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Reasons for the Decline of the Ottoman Empire

Info: 2434 words (10 pages) Essay
Published: 23rd Sep 2019 in History

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What were the reasons for the decline of the Ottoman Empire

 

The Ottoman Empire was one of the biggest and strongest empires in history, however, the identity of them being a military superpower was slowly fading away. The reasons behind this were due to social factors such as religious leaders not supporting the Ottoman Empire’s goals, the Ottoman Empire’s weakening economy as they failed to compete with other countries economies and also the decline of Ottoman armed forces led to them constantly losing battles and territories. It can be said that the most significant reason for the decline of the Ottoman Empire was due to the Ottoman’s military decline because their armed forces are what made them famous and well known so without the abundant level of armed forces they were not seen as a powerful country. On the other hand, the weakening economy and the lack of support from religious leaders also contributed to the constant decline of the Ottoman Empire. This essay explores the reasons for the decline of the Ottoman Empire and justifies why the decline in armed forces was the most significant reason for the decline of the Ottoman Empires. This essay goes through the Military Decline, weakening the economy and lack of support from religious leaders that all led to the decline of the Ottoman Empire.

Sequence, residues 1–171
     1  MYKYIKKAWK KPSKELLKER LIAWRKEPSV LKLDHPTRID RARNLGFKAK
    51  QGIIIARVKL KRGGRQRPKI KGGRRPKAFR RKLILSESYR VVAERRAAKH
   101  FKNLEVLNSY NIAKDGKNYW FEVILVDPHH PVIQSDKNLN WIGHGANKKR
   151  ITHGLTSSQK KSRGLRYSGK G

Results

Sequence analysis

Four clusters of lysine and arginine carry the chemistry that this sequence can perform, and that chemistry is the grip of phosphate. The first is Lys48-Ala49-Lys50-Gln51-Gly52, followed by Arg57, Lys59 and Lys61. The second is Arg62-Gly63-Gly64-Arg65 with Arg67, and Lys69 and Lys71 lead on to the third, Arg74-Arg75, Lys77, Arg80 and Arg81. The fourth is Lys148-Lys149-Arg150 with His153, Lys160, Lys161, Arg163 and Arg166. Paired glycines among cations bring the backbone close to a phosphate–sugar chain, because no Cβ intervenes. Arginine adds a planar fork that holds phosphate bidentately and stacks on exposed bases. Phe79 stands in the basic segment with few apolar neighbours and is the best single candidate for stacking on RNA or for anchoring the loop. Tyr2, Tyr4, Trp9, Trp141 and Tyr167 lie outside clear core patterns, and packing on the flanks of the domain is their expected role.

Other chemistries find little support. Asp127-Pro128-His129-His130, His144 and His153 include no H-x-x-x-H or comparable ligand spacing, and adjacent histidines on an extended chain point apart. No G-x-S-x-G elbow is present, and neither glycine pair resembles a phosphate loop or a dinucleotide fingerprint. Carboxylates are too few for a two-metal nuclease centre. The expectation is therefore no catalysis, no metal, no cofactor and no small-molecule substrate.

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The most significant decline of the Ottoman Empire was the decrease of the Ottoman military. Amid the hundreds of years, despite the fact that the Ottoman Empire could safeguard the greater part of their region, they endured a long arrangement of embarrassing annihilation from Europe and different domains. The war between the Ottoman and Austria and Russia in the 1690s brought about the thrashing of the Ottoman. Also, the Treaty of Karlowitz that marked with Austria in 1699, obliged the Ottoman to surrender the majority of Hungary to Hapsburgs. This additionally denoted the Ottoman’s first real surrender of An European area. The Ottoman-Russian War in 1768, additionally came about the loss of the Ottoman’s regions.[1] This was because Russia forced the Ottoman Empire out of Romania and the Crimea on the Black Sea. Cleveland and Bunton argue that the Treaty of Kuchuk Kaynarja in 1774 was one of the most embarrassing agreements which were the Ottomans engaged in.[2] Lewis states how once the Ottoman Empire were one time feared in Europe but now the table turned as he argues it was now the own population and sovereignty that feared for the fall of their Empire due to humiliating defeats against their enemies. [3] In the sixteenth century, the Ottoman Empire achieved the breaking points of its development, and faced obstructions which it couldn’t go because of Ottoman armed forces did not have the capacity to progress into Persia regardless of the triumphs in the field of Selim I and Suleyman. The huge examinations between quality training and resources started to clearly appear. Incredible innovative progressions in European armed forces in the seventeenth century was pursued belatedly and unsuccessfully by the Ottomans. [4] This demonstrates that the Ottoman Empire lost their purpose and identity when there were limitations in the armed forces because a strong military force was what made them one of the most powerful empires in Europe so without this meant rivalling countries were not hesitant to battle with the Ottomans. Modern historians have tended to lean towards the loss of territory to invaders rather than the overall weakness of the army that led to the decline of the Ottoman Empire but they also argue that the effect of lack of manpower and revenue. However, Halil Inalcik argues that Europe’s new military technology as a contribution to Ottoman decline by the early seventeenth century. He states, “the Ottoman failure meant that traditional Asiatic culture, even when it borrowed war technology from the West, was doomed before the rise of modern Europe.[5] It can be said that the failure to advance technology and compete with other countries in terms of armed forces had more of an impact to the Ottoman Empire declining than losing territory has their lack of military power and resources would mean they would be viewed as one of the weakest forces in the world making them vulnerable.